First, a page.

The monasteries at Gigny and Baume followed the rule as interpreted by Benedict of Aniane, who had sought to restore the primitive strictness of the monastic observance wherever it had been relaxed. The rule focused on prayer, silence, and solitude.
Another account states that Berno was sent to Baume by Abbot Hugh of Autun. This monastery prospered and many monks came there to take vows. His reputation for holiness grew, and he was then asked to take over the leadership of Baume in order to reform it. Berno thus became abbot of Baume and restored this monastery's former reputation for holiness,
The second story is supported by later charters that show Baume was dependent upon Gigny and had many of the same rules as Gigny. However, it is also possible that Berno took over Gigny's leadership after being abbot of Baume, rather than the other way around. In 894, Berno travelled to Rome and got papal approval for the charter of Gigny.
Founding of Cluny
It was common at this time and in later European history that monasteries would be founded with patrons, usually rich nobles or feudal lords, who would provide the financial capital needed to create and sustain the monastery, and in return the monks would pray for the salvation of these patrons. Many feudal lords wished to do this, because they felt that they needed to get the monks to pray for them, or else they wouldn't be able to get to heaven.
William I, Duke of Aquitaine had been familiar with Berno when he was abbot of Baume. The Duke was supportive of the reformers who wanted to bring monasticism back to the Benedictine rule. The Duke wanted to create a new monastery according to the Benedictine rule, and he asked Berno to be abbot. It is not certain how the site of Cluny was chosen, but one story holds that when William asked Berno about where the monastery should be founded, Berno asked for the Duke to give his favourite hunting lodge in Cluny to him in order to build a monastery on it; thereby asking the Duke to provide a sacrifice of his own in order to have these prayers to get to heaven. The Duke protested and said, "Impossible, I cannot have my dogs removed“， and Berno then answered, "Drive out the dogs and put monks in their place, for thou canst well thing what reward God will give thee for dogs, and what for monks."
Another account (not contradictory) states that when Berno was abbot of Baume, he had such a good reputation, that William of Aquitaine gave him two monasteries at Deols and Massay, and then later gave Berno property at Cluny to build his monastery.
It is uncertain how the abbey was actually founded, but William did nevertheless give part of his fiefdom of Cluny to Berno in order to possess it for the monastery. The starting of the monastery is dated to the year 910.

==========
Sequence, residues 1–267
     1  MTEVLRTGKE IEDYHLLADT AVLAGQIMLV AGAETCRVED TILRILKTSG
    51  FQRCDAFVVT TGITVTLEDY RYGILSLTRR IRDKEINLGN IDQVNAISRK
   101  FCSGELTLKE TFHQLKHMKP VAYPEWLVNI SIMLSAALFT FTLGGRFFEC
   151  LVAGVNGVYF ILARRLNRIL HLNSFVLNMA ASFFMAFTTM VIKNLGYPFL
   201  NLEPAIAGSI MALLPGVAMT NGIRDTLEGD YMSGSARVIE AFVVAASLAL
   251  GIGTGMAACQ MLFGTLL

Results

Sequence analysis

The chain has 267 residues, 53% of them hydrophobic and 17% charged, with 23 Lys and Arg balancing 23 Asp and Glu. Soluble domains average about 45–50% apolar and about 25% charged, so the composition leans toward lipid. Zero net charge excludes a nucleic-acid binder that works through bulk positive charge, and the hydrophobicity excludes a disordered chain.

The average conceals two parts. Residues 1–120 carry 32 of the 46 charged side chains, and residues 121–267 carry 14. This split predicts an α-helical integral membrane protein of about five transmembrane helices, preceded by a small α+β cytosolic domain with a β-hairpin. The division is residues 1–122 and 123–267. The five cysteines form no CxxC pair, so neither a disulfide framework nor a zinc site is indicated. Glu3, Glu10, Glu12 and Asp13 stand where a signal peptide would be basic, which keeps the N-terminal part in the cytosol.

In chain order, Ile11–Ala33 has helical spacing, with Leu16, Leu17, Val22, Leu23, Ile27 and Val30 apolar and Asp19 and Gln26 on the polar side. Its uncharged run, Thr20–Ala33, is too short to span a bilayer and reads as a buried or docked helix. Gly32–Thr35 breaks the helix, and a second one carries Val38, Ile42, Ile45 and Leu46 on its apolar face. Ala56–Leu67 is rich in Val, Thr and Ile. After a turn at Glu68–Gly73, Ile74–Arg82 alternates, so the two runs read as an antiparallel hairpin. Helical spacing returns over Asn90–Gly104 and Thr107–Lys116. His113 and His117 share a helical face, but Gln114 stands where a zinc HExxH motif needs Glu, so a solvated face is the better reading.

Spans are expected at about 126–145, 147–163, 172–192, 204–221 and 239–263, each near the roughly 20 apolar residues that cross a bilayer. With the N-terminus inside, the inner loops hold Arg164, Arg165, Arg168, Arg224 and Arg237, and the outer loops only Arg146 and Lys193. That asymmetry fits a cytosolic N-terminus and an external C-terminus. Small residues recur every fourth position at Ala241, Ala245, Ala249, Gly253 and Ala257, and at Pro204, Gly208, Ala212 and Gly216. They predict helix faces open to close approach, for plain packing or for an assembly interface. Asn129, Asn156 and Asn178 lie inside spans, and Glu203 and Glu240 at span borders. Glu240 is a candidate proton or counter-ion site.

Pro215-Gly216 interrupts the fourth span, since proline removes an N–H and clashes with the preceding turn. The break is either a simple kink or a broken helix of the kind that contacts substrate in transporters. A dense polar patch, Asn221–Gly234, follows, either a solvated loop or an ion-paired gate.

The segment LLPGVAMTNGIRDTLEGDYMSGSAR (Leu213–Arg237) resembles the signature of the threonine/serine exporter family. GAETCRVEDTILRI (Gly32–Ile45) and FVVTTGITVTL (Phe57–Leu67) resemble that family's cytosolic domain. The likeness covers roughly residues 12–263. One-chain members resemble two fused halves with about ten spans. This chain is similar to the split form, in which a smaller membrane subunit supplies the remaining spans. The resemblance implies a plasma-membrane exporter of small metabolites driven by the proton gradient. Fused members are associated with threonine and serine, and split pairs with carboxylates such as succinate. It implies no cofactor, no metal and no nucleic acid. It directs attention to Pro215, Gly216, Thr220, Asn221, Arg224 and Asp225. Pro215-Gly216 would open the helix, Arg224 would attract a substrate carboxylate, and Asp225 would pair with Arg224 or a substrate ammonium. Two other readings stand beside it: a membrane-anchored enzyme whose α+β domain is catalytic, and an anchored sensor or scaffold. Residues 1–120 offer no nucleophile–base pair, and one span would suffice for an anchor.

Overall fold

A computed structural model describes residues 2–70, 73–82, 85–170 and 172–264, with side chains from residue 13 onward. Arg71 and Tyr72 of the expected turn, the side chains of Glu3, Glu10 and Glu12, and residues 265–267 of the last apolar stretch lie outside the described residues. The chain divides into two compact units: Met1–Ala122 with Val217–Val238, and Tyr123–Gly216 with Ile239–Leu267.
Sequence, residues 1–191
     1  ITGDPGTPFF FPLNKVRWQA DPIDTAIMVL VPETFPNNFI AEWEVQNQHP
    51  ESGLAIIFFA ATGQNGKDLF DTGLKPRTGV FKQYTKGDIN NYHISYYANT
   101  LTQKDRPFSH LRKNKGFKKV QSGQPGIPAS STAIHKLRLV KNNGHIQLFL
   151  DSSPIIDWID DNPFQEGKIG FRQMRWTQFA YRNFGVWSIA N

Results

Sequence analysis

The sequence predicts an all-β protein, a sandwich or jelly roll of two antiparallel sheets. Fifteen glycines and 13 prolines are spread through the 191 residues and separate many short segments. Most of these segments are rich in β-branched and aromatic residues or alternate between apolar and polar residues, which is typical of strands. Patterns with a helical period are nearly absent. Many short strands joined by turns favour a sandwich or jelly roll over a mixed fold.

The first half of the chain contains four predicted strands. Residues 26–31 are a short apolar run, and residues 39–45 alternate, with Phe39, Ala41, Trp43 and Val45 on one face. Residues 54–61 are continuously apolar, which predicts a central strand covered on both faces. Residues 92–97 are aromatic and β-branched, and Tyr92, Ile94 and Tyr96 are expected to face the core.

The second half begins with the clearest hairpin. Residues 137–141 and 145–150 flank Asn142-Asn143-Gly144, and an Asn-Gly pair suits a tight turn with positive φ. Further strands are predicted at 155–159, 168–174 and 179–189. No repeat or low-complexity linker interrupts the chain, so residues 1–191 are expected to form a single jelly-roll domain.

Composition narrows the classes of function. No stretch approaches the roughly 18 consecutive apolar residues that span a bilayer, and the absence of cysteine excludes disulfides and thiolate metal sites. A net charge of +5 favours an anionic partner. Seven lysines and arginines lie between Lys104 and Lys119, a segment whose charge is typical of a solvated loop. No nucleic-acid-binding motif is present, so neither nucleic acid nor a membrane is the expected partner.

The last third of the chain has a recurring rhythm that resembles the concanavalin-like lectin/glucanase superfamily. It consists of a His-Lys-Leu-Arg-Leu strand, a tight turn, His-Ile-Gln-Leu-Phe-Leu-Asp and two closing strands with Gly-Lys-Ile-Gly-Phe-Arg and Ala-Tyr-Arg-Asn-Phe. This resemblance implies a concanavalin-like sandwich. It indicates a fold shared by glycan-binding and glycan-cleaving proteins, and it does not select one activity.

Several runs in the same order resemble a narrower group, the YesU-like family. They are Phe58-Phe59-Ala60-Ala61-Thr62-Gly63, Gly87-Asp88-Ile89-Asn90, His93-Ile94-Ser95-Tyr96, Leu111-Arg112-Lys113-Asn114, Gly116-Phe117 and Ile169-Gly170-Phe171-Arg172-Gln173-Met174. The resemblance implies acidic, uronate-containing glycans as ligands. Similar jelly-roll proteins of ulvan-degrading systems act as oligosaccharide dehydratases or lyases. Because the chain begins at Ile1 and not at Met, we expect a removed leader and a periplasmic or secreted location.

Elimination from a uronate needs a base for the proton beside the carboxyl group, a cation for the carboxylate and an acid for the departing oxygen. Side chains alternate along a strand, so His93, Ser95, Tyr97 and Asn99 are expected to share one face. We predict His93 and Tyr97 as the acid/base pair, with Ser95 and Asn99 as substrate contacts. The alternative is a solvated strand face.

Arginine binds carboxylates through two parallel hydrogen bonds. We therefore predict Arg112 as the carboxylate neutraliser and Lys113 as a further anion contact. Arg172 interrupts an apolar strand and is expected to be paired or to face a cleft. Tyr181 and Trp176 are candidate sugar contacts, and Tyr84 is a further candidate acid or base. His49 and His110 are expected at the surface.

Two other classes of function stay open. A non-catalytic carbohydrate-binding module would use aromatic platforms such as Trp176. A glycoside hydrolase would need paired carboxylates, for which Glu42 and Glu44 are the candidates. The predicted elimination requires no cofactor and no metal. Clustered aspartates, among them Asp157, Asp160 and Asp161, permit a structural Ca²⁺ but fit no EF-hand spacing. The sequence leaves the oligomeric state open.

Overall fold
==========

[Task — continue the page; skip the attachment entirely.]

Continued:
William guaranteed that the monastery would be free from the control of him, his successors or any other temporal power, and it was placed under the direct authority of the Pope in Rome, who accepted Cluny's charter. This was very important for the later history of the abbey, because it meant that no local bishop, who himself might have been against Cluny's Benedictine reform movement within the church, had the authority to stop Cluny from carrying out its work, since Cluny reported to the Pope alone.
The Benedictine rule was to be strictly followed. Cluny in return would pay a sum of 10 solidi of gold every five years to the Pope. Anyone who violated the charter that placed Cluny under Rome, was to be subject to a terrible curse including eternal hellfire. The apostles Peter and Paul were called upon to be the guardians of Cluny.
Berno administered six monasteries by the time he died, which were at Gigny, Baume, the abbey of Aethicens with the cella of St Lautenus, Deols, Massay and Cluny. Before he died he gave three monasteries, namely Gigny, Baume and Aethicens to one of his monks named Wido, and the other three he gave to another monk named Odo (later St Odo of Cluny). He urged his monks on his deathbed to continue to stay true to the Benedictine Rule, which had been so greatly violated by many other monasteries, and to follow all the rules regarding silence, food and drink, ritual, and most importantly the abandonment of personal possessions.
After Berno died, Wido attempted to take Cluny away from Odo, but Pope John X intervened in Odo's favour in the year 928.
- Friedrich Wilhelm Bautz (1975). "Berno of Cluny". In Bautz, Friedrich Wilhelm. Biographisch-Bibliographisches Kirchenlexikon (BBKL) (in German) 1. Hamm: Bautz. col. 542. ISBN 3-88309-013-1.
- Catholic.org: Saints
- Lucy Margaret Smith, The early history of the monastery of Cluny, Oxford University Press，1920